Governor Christie on Friday curbed an effort by the Legislature to improve oversight of the state’s privately run halfway houses. However, evidence accumulates that the problems reported in the New York Times are not restricted to New Jersey. Community Education Centers (CEC) runs most of the facilities in our state and operates in about twelve other states. One of its sites is Cheyenne Mountain Re-Entry Center (CMRC) in Colorado Springs where press reports and a whistle-blower raise troubling questions.
What the whistle-blower is reporting – below the fold.
CMRC, a medium secure facility designed to reduce recidivism for Colorado Department of Corrections offenders, opened in 2005. Last week the Denver Westword headlined: “Private Prison Operator Community Education Centers’ Woes Have A Familiar Ring.” In the article it says “CEC senior vice president William Palatucci acknowledged that the Cheyenne Mountain facility had been through some growing pains.” In 2008 the Westword interviewed a number of officials, residents and graduates of CMRC. It published a lengthy article, Can A Troubled Colorado Prison Change The Way Inmates Think? which documented problems similar to those revealed in the NY Times article:
“Regular visits by DOC monitors have turned up a slew of management and operational blunders at the prison since it opened three years ago. Documents obtained by Westword show a history of staff shortages and high turnover, inadequate training and security lapses, assaults and gang activity, and several instances of female staffers being fired for fraternization or even sexual relationships with residents. And some inmates who have completed the program claim the place has more problems with violence, contraband and bogus classes than the inspection reports suggest. “It’s a joke,” says Doug Bullard, a 45-year-old parolee who left CMRC in September. “It’s a free-for-all. You got kids running amok. You got people climbing around in the ceilings, breaking into offices and stealing stuff. You got booze, you got drugs.”
Apparently things have not changed. An employee at the Cheyenne CEC site who fears retribution if his name is revealed says he has asked the two local news channels to look into the center but they seem uninterested. In his own words he explained last week to Blue Jersey:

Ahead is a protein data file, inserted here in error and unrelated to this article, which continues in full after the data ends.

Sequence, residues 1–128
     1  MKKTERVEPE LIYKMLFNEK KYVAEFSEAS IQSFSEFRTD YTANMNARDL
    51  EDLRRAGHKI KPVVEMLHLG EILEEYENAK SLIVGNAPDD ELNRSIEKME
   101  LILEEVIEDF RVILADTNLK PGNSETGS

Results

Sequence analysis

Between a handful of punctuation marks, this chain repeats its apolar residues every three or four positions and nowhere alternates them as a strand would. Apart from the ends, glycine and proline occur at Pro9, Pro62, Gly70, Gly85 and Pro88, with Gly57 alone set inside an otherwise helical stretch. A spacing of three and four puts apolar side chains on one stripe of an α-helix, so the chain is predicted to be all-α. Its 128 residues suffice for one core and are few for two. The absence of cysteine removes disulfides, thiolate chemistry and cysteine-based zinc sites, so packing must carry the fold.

“I fear for my own safety when I go to work. They release inmates that have no business being released, and most have commited other crimes and went right back into prison. The place is dangerous for the staff. One staff member had a heart attack and medical denied him care and refused to call 911. Inmates have died due to inadequate and incompetent medical care. Most recently an inmate died of a staph infection after having scarlet fever which the medical staff ignored. The employees are poorly trained and some are corrupt. Many employees have had or are having a sexual relationship with the inmates. Some are bringing in contraband, and when this is reported, our facility investigator sweeps it under the rug. Fights among the inmates, sexual misconduct and poorly trained employees spell disaster.”
For those who have read the NY Times articles this all sounds too familiar. Herb Jackson in NorthJersey.com reported today that Senator Frank Lautenberg (D-NJ) sent a letter to Charles E. Samuels Jr., director of the Federal Bureau of Prisons, saying he had “deep concerns about the security at halfway houses and similar residential re-entry facilities across the United States.”
The Courier Post yesterday in a strongly worded editorial criticized Governor Christie for vetoing legislative halfway house provisions in the budget bill. In particular, the editorial says Christie should not have removed the requirement for regular reports and details on how inmates are being protected. The legislature just days ago also passed the important halfway house reform bill, S927, which is awaiting either a signature or veto in the Governor’s office.